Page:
Straining gnats

There was a time when we said “to each his own.” Or “you have a right to your opinion.” Or “we agree to disagree.”

But not now. Those times are gone. I wonder if we’ll look back and long for a return to the days before the times of The Perpetually Outraged About Something Or Other. The days before we looked for or manufactured grievances that led to an outrage and then the inevitable counter-outrage, both sides creating memes and images and endless Facebook or Twitter updates to display how outraged they are or support those who are outraged themselves.

What a waste of precious Time and Life and Gifts given by God.

In The Resurrection of Rome G.K. Chesterton said “It is the root of all religion that a man knows that he is nothing in order to thank God that he is something.”

Today’s man throws the weight of religion from his shoulders like a worn sweatshirt on a hot summer’s day because he thinks, no matter how contrarian, absurd or inane his outrage, he is something to be tolerated and stomps his feet and beats his fists in an epic tantrum in order to get his way.

“Tolerance” said Aristotle, “is the last virtue of a dying society.” History shows that it is often the vice that kills society as well.

I wonder…

Will we ever grow up?

Some of us call it it opinion.

Others call it diversity.

I thought those were good things.



Each In His Own Tongue
by William Herbert Carruth (1859-1924)

A fire-mist and a planet,–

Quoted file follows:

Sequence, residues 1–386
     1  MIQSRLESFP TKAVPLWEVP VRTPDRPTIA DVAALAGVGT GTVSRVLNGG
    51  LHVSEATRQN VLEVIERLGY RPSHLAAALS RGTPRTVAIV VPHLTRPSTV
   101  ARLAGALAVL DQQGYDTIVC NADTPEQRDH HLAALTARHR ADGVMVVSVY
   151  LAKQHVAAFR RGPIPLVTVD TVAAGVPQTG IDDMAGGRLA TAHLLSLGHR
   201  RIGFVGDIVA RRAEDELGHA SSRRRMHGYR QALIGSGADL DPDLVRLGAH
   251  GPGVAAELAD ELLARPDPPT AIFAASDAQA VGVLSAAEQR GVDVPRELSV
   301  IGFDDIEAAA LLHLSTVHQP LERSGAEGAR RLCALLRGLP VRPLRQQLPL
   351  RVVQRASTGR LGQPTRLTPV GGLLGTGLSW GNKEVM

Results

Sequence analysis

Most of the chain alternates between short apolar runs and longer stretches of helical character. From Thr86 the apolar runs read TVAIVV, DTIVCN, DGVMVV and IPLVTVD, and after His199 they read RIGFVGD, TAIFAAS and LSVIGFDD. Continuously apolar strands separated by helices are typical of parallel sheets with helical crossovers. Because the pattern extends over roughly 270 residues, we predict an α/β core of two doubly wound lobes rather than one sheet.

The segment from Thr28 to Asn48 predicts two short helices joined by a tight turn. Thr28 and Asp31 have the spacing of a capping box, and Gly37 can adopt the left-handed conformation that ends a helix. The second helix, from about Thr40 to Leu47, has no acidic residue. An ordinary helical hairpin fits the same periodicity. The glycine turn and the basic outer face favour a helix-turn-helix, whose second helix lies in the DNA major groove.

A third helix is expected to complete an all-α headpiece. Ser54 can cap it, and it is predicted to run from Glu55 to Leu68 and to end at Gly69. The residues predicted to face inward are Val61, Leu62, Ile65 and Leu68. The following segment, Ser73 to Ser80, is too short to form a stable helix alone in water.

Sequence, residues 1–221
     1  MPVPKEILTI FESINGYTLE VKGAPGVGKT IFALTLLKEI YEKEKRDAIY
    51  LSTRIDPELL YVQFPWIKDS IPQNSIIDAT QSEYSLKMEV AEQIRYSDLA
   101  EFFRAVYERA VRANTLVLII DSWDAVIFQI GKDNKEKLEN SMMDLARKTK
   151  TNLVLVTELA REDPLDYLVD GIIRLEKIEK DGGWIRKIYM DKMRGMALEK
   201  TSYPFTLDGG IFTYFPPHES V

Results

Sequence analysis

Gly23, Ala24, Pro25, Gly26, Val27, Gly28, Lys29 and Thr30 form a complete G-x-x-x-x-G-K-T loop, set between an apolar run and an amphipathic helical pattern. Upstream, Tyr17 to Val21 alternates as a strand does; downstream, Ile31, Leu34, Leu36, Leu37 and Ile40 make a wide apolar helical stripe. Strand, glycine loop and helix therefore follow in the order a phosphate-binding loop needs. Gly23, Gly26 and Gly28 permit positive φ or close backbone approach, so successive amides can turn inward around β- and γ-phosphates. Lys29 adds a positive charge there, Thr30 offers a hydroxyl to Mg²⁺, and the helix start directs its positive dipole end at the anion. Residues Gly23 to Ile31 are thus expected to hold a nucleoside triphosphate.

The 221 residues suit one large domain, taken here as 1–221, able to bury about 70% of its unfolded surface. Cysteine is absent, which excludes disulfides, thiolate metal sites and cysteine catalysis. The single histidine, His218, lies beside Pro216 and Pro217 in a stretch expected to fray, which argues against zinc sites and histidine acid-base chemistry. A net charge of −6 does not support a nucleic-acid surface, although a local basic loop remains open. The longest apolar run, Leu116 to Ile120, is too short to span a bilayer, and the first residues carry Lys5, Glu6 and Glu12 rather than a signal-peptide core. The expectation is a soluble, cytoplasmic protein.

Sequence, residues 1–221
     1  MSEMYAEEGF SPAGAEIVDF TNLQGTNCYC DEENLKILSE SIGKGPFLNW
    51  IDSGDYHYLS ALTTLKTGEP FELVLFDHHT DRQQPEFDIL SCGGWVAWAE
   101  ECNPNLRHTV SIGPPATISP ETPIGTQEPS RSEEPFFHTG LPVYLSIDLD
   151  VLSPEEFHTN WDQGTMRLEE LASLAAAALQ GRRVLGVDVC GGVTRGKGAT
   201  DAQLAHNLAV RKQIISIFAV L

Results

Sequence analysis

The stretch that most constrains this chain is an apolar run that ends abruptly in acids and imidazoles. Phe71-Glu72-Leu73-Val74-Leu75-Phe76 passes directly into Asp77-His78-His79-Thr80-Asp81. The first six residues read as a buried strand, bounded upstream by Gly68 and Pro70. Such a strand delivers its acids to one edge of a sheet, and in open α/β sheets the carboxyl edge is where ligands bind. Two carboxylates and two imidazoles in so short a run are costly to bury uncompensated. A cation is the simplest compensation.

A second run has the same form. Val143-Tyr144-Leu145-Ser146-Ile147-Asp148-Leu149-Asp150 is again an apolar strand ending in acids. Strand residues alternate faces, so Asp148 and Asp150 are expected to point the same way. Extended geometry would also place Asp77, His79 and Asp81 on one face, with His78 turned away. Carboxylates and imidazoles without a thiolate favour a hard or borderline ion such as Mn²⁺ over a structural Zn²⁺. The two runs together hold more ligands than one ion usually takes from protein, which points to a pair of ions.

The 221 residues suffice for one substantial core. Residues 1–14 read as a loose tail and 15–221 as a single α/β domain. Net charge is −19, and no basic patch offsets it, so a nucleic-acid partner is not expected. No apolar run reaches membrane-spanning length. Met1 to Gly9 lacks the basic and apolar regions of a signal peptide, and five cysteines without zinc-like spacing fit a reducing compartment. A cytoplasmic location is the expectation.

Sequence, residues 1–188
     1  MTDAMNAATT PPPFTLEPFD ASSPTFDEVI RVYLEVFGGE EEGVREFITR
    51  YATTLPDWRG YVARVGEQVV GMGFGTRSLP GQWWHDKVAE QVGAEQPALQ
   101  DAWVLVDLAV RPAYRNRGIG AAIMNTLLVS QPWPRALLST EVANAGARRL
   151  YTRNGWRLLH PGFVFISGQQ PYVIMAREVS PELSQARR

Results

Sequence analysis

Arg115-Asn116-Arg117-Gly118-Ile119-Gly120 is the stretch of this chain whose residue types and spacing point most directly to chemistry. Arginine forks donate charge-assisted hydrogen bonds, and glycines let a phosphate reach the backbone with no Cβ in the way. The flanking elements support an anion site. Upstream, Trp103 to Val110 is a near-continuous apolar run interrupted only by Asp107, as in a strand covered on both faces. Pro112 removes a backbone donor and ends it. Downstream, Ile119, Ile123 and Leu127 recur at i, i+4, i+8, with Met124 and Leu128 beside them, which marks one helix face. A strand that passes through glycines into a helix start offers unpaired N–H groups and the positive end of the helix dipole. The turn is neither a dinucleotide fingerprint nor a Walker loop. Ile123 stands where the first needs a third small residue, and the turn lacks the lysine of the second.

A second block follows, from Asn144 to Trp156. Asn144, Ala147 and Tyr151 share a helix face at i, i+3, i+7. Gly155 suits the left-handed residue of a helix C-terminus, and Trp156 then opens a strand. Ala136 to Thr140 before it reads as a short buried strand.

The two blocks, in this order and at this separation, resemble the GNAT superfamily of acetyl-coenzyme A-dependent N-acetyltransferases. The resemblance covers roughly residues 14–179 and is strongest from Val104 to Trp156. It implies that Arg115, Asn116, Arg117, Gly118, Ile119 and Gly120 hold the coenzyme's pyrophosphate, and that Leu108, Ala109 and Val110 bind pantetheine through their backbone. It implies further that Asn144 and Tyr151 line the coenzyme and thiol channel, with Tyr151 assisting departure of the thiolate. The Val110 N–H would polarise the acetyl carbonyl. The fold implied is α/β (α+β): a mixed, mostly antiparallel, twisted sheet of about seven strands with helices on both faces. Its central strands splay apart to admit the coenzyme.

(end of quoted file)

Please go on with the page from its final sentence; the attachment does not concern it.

A crystal and a cell,–
A jelly-fish and a saurian,
And caves where the cave-men dwell;
Then a sense of law and beauty,
And a face turned from the clod,–
Some call it Evolution,
And others call it God.

A haze on the far horizon,
The infinite, tender sky,
The ripe, rich tint of the cornfields,
And the wild geese sailing high,–
And all over the upland and lowland
The charm of the goldenrod,–
Some of us call it Autumn,
And others call it God.

Like tides on a crescent sea-beach,
When the moon is new and thin,
Into our hearts high yearnings
Come welling and surging in,–
Come from the mystic ocean
Whose rim no foot has trod,–
Some of us call it longing,
And others call it God.

A picket frozen on duty,–
A mother starved for her brood,–
Socrates drinking the hemlock,
And Jesus on the rood;
And millions who, humble and nameless,
The straight, hard pathways plod,–
Some call it Consecration,
And others call it God.


“Each in His Own Tongue” is reprinted from The Little Book of American Poets. Ed. Jessie B. Rittenhouse. Cambridge: The Riverside Press, 1915.

*Straining gnats taken from Matthew 23:24


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